It’s certainly no secret that there has been substantial progress in the last week in the development of a male contraceptive pill, but am I the only one not that excited by this news, and even a little reluctant to see a pill being rolled out to males in a few years’ time?

There have been attempts before to create a male orientated contraceptive pill that would allow men to take far more of a responsibility in preventing pregnancy, but there were side effects, such as resulting irreversible changes to hormones levels, that meant the research never produced anything usable. However, scientists have now developed a way to temporarily stop sperm from swimming and there are many suggestions that either a pill or a spray could be here by 2021, a mere five years away.

Before I looked into it, I assumed that the pill would be an exact equivalent to the female contraceptive, taken once a day, every day; you know, gender quality and all that. But no, apparently you can take the male pill up to minutes before the ensuing act takes place as the effects are almost instantaneous in preventing the sperms ability to swim. This effect the lasts for a few days before the sperm return to their normal functioning state.

At first, when I thought of boys having to remember to take a tiny little pill every day, I felt something that was far from excited. Do I really want to put my state of pregnancy in the hands of boys who can barely remember to put the toilet seat down or put the washing in the dryer? I just can’t believe that every single one of them would actually make the conscious effort to take it. With so many other things to focus on, that packet of tiny, white pills of responsibility will quickly left forgotten about, collecting dust on, or more likely fallen down the side of his bedside table. Women have had to take the majority of the responsibility in preventing pregnancy for years, I understand it would be hard to break old traditions and form the new, strange and possibly unwelcome habit of taking a pill every day.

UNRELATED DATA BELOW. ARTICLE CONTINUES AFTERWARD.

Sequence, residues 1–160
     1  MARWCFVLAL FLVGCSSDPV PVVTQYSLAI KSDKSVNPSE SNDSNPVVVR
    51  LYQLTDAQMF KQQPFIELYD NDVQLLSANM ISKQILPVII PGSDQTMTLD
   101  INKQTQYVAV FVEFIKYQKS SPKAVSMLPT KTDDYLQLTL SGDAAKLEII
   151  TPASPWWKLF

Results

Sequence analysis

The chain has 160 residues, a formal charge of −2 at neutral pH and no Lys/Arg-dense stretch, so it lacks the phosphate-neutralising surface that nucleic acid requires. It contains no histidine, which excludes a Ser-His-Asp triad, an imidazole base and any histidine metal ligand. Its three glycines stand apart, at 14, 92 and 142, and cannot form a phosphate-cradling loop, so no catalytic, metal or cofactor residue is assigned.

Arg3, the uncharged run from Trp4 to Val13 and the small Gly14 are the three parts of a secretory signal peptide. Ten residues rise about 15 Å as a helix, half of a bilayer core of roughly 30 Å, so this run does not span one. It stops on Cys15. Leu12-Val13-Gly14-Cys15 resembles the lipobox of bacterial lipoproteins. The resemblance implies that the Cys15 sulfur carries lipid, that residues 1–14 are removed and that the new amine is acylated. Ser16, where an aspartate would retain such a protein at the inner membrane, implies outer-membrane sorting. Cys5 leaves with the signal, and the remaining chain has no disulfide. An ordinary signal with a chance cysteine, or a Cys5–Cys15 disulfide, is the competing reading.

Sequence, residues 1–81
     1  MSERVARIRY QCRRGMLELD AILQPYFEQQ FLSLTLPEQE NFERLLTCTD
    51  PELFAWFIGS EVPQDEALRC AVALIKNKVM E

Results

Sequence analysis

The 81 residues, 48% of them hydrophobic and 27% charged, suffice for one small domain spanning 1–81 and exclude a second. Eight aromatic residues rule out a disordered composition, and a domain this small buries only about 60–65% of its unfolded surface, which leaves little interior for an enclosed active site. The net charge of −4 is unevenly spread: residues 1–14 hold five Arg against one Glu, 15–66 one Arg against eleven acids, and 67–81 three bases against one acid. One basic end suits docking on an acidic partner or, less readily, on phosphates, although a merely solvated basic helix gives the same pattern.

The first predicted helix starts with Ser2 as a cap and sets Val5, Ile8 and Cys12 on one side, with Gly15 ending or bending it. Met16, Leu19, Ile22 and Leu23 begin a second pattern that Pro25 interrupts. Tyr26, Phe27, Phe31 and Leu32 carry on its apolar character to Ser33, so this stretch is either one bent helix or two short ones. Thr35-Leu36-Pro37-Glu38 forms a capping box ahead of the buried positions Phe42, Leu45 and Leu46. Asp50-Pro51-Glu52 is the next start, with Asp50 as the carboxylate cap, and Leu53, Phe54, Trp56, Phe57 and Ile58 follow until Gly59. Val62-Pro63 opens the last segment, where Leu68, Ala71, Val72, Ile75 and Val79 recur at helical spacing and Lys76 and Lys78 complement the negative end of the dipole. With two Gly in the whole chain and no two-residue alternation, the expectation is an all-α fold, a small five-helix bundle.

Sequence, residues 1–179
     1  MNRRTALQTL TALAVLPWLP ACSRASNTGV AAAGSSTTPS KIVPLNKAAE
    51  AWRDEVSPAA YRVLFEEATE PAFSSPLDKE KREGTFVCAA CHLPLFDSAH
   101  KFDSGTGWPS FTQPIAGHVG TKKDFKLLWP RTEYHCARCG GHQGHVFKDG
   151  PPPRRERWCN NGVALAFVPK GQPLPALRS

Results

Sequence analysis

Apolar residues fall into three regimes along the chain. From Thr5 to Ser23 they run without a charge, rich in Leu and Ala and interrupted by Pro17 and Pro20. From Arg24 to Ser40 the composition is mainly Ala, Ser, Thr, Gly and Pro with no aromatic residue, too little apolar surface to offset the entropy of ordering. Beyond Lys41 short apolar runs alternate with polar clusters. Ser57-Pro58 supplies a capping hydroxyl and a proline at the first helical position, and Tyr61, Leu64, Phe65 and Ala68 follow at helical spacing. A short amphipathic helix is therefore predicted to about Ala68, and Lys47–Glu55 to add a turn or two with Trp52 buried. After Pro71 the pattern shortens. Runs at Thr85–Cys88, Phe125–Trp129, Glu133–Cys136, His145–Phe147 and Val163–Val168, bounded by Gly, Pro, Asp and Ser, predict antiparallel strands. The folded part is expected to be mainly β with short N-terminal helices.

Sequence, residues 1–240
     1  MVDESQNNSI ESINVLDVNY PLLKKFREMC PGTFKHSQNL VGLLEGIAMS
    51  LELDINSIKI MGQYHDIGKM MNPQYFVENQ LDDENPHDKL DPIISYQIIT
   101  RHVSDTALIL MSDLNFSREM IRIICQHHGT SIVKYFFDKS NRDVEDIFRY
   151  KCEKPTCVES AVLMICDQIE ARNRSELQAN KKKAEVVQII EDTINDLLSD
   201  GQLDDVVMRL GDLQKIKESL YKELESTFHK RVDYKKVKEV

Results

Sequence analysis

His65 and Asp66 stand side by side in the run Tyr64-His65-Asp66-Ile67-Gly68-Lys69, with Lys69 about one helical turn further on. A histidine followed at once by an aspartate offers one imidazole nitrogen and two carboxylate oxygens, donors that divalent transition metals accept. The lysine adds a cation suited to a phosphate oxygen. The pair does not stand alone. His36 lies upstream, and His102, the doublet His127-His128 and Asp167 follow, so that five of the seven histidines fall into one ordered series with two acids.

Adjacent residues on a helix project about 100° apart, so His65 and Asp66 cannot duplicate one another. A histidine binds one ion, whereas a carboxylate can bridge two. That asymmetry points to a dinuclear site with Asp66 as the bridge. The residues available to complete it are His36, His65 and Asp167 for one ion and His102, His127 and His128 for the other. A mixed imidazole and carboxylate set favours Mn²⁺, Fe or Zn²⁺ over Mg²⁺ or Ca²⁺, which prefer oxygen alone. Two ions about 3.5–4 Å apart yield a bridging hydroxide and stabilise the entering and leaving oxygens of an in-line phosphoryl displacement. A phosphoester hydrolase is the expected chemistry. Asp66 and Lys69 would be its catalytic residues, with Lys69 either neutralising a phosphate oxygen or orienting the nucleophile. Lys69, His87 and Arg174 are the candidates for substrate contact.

And then, unfortunately, a scene replayed over and over in my head of a boy, caught in the moment, falsely claiming he’s been taking the pill without fail for weeks and that there’s no need for further protection; condom con-gone. I realise I am hugely stereotyping, focusing on worst case scenarios and I know there are many who would treat this with the seriousness that it deserves. But I know I’m also right in thinking there would be a great number of men who would twist the truth in order to score, focusing only on the beautiful naked girl in front of them rather than the crying baby that would present itself less than a year later in the physical evidence the seriousness of their lie.

But, the fact that the pill takes effect so quickly means that it is not an everyday act that must be carried out without fail, but can be taken as and when it’s needed. So, when I realised that boys won’t have to remember/agree to take the pill every day, I wasn’t sure quite how to feel. I think I’m relieved.

At first, I was a bit hesitant and I told myself that boys will still find a way around not taking it. But then I told myself to give boys a little bit more credit. Surely, if the pill works in only a few minutes, it can be taken with the girl present and she would know for certain of its consumption. And, we have to remember that we girls aren’t always the module of pregnancy prevention; who hasn’t forgotten to pop one on a particularly stressful morning when we’re running late to that particularly important meeting? We are, after all, only human.

Yet, despite the fact that I can’t really imagine a way for men to find a way to have sex after convincing the girl that they have taken it when they haven’t, I don’t feel an enormous sense of relief that some of the responsibility could be spread out. I just can’t see them actually taking in the seriousness of what they need to do and fully understanding what they have to do, and that they do have to do it. I know we’re still at least five years off the male contraceptive being rolled out, but even by then, I don’t think I’ll be ready to put the occupancy of my uterus entirely in someone else’s hand; I’ll still be popping my own each day. I’m just too contra-sceptic.

Published by Kate Beckitt